Open Access (free)
Jazzing the Blues Spirit and the Gospel Truth in James Baldwin’s “Sonny’s Blues”
Steven C. Tracy

The webs of musical connection are essential to the harmony and cohesion of James Baldwin’s “Sonny’s Blues.” As a result, we must explore the spectrum of musical references Baldwin makes to unveil their delicate conjunctions. It is vital to probe the traditions of African-American music—Spirituals, Blues, Jazz, and Pop—to get a more comprehensive sense of how Baldwin makes use of music from the sacred and secular continuum in the African-American community. Looking more closely at the variety of African-American musical genres to which Baldwin refers in the story, we can discern even more the nuances of unity that Baldwin creates in his story through musical allusions, and shed greater light on Baldwin’s exploration of the complexities of African-American life and music, all of which have as their core elements of human isolation, loneliness, and despair ameliorated by artistic expression, hope, and the search for familial ties. Through musical intertextuality, Baldwin demonstrates not only how closely related seemingly disparate (in the Western tradition) musical genres are, but also shows that the elements of the community that these genres flow from and represent are much more in synchronization than they sometimes seem or are allowed to be. To realize kinship across familial (Creole), socio-economic (the brother), and most importantly for this paper appreciation and meanings of musical genres advances to Sonny the communal cup of trembling that is both a mode and an instance of envisioning and treating music in its unifying terms, seeing how they coalesce through a holistic vision.

James Baldwin Review
Louis James

largely middle class, and Brathwaite was sent to the island’s best school, Harrison College, where he received a rigorous education modelled on that of an English public school. 13 Early, however, he showed independent tastes. He formed a passion for jazz, music that the island ‘culture censors’ considered low and unsuited to a Harrison College boy. When, in the sixth form, he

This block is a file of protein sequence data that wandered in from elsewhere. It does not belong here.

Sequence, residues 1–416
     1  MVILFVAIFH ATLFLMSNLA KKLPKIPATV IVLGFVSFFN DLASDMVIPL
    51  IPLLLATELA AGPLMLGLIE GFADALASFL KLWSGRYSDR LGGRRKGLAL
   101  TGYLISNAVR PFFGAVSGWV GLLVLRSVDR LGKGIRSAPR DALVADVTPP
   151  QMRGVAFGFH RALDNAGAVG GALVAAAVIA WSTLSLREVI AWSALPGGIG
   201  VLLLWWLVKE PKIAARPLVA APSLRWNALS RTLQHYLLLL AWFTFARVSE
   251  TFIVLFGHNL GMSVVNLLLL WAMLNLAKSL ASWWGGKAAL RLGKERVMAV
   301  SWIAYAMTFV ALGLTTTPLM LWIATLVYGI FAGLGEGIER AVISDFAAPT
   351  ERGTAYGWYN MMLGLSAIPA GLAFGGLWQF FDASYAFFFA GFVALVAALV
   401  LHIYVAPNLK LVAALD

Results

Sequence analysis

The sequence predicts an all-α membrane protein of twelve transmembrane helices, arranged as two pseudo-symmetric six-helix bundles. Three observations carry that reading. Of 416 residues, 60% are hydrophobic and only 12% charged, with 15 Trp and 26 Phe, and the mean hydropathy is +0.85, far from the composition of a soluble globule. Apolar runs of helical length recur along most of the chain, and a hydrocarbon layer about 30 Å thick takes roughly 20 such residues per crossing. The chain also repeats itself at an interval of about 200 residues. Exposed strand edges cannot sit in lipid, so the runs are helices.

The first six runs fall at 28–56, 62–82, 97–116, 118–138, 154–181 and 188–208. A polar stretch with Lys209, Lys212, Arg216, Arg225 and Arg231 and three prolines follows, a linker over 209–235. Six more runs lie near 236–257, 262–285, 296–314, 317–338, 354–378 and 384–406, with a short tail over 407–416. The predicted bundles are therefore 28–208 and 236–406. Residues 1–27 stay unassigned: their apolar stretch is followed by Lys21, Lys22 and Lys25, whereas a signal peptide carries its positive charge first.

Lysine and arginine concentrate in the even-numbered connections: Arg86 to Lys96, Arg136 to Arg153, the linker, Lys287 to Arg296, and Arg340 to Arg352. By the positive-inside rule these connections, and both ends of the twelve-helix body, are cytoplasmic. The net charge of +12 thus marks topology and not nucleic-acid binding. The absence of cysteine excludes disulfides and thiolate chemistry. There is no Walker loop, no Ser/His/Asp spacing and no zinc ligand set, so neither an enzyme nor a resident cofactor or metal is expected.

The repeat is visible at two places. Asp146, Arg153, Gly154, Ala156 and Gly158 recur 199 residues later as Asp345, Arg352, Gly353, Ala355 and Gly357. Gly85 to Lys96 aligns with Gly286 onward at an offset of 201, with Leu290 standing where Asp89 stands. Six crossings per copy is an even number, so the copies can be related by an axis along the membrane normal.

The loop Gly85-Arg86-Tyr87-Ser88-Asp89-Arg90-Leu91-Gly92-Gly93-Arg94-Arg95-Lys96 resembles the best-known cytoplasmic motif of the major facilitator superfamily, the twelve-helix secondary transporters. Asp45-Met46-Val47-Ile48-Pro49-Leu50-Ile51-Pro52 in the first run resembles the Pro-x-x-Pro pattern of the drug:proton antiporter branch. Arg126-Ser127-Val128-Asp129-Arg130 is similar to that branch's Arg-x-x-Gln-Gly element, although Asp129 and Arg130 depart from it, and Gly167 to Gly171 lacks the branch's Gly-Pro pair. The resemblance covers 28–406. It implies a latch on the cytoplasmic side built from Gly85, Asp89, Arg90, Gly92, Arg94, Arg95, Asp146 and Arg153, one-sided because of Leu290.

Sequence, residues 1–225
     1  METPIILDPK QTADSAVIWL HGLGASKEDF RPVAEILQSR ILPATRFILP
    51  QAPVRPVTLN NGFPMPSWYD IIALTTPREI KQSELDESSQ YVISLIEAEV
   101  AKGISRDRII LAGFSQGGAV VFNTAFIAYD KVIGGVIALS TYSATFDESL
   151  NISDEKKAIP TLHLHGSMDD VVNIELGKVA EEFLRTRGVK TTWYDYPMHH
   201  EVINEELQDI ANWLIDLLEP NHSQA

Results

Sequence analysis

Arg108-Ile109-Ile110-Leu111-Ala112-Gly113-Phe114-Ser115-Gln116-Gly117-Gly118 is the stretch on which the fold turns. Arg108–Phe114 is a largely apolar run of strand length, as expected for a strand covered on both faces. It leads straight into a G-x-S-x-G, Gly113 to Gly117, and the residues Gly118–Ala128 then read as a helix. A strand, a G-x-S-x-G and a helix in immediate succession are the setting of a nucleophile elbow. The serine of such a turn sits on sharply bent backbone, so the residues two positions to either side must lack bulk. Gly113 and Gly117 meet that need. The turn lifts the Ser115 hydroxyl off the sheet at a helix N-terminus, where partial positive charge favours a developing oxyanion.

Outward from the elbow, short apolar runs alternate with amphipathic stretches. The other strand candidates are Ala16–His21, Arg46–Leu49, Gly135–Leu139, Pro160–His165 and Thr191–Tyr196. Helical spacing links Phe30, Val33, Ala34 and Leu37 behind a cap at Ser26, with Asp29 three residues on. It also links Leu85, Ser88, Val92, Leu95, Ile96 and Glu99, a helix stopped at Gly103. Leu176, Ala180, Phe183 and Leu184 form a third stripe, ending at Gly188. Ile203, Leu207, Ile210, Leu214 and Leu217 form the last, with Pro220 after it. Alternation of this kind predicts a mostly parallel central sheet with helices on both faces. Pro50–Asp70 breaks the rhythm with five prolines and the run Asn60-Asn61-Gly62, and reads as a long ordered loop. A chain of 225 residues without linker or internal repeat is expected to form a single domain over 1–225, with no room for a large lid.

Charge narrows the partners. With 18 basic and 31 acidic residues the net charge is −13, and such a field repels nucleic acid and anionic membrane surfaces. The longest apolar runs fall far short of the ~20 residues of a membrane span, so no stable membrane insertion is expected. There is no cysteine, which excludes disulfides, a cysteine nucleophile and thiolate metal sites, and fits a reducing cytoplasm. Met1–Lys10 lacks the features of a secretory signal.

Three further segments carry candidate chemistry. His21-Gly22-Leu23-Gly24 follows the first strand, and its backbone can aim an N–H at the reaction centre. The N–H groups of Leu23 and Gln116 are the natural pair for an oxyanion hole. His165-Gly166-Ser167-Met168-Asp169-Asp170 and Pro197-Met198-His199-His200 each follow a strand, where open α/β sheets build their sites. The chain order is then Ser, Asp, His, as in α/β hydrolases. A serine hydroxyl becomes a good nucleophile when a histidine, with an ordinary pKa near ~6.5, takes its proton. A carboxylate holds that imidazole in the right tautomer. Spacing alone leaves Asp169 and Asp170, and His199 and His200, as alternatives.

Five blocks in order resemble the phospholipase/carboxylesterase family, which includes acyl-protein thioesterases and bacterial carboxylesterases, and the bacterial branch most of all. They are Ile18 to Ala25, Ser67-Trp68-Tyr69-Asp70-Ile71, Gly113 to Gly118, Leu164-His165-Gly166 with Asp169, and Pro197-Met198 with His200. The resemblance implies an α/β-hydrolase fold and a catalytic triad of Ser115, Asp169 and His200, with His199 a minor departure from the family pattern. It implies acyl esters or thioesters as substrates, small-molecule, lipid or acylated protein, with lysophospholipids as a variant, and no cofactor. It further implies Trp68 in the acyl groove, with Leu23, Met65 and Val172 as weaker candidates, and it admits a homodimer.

in West Indian intellectuals in Britain
Open Access (free)
The Admirable Crichton and Look Back in Anger
Stephen Lacey

’s temporary lover – Helena and, briefly, Alison’s father). However, little of the film’s action remains within the Porter’s seedy bed-sit. The film opens, not in the flat, but in a jazz club/pub. As the narrative progresses, locations only mentioned in the play are represented directly on screen; we follow Jimmy and Cliff to the street market where they run a sweet stall; we see Jimmy attend the funeral of

in British cinema of the 1950s
Open Access (free)
Nazima Kadir

. Thus, there is a subtle process of mastery and rejection in which one understands the values of the Mainstream, masters them, and then rejects them to both conform to and reify the values of the alternative milieu (Bourdieu and Johnson 1993 ). To complement Bourdieu’s more theoretical work, Howard Becker’s study of jazz musicians ( 1963 ) and Sarah Thornton’s study of ravers in the UK (1996) use ethnography to describe the social worlds of subcultures, their particular values, the process of hierarchical

in The autonomous life?
Open Access (free)
Film festivals and the revival of Classic Hollywood
Julian Stringer